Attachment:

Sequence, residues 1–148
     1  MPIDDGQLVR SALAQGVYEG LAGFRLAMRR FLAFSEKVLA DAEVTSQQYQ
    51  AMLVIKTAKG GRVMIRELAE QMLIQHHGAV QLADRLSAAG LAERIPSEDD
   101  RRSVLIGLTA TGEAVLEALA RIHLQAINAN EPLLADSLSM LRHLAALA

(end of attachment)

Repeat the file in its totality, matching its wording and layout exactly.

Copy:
Sequence, residues 1–148
     1  MPIDDGQLVR SALAQGVYEG LAGFRLAMRR FLAFSEKVLA DAEVTSQQYQ
    51  AMLVIKTAKG GRVMIRELAE QMLIQHHGAV QLADRLSAAG LAERIPSEDD
   101  RRSVLIGLTA TGEAVLEALA RIHLQAINAN EPLLADSLSM LRHLAALA